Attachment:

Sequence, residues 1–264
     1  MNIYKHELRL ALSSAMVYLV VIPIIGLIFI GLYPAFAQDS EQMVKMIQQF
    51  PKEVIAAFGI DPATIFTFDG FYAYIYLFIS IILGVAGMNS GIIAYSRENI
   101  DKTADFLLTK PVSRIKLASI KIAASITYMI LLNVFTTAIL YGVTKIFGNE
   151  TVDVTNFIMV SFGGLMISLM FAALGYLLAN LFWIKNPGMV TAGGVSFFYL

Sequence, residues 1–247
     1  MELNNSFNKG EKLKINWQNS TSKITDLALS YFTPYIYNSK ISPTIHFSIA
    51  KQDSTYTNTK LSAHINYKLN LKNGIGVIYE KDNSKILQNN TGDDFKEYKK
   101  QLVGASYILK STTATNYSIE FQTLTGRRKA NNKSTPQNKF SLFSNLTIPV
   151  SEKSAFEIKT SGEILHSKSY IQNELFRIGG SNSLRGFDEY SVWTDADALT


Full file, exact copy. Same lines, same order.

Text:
Sequence, residues 1–264
     1  MNIYKHELRL ALSSAMVYLV VIPIIGLIFI GLYPAFAQDS EQMVKMIQQF
    51  PKEVIAAFGI DPATIFTFDG FYAYIYLFIS IILGVAGMNS GIIAYSRENI
   101  DKTADFLLTK PVSRIKLASI KIAASITYMI LLNVFTTAIL YGVTKIFGNE
   151  TVDVTNFIMV SFGGLMISLM FAALGYLLAN LFWIKNPGMV TAGGVSFFYL

Sequence, residues 1–247
     1  MELNNSFNKG EKLKINWQNS TSKITDLALS YFTPYIYNSK ISPTIHFSIA
    51  KQDSTYTNTK LSAHINYKLN LKNGIGVIYE KDNSKILQNN TGDDFKEYKK
   101  QLVGASYILK STTATNYSIE FQTLTGRRKA NNKSTPQNKF SLFSNLTIPV
   151  SEKSAFEIKT SGEILHSKSY IQNELFRIGG SNSLRGFDEY SVWTDADALT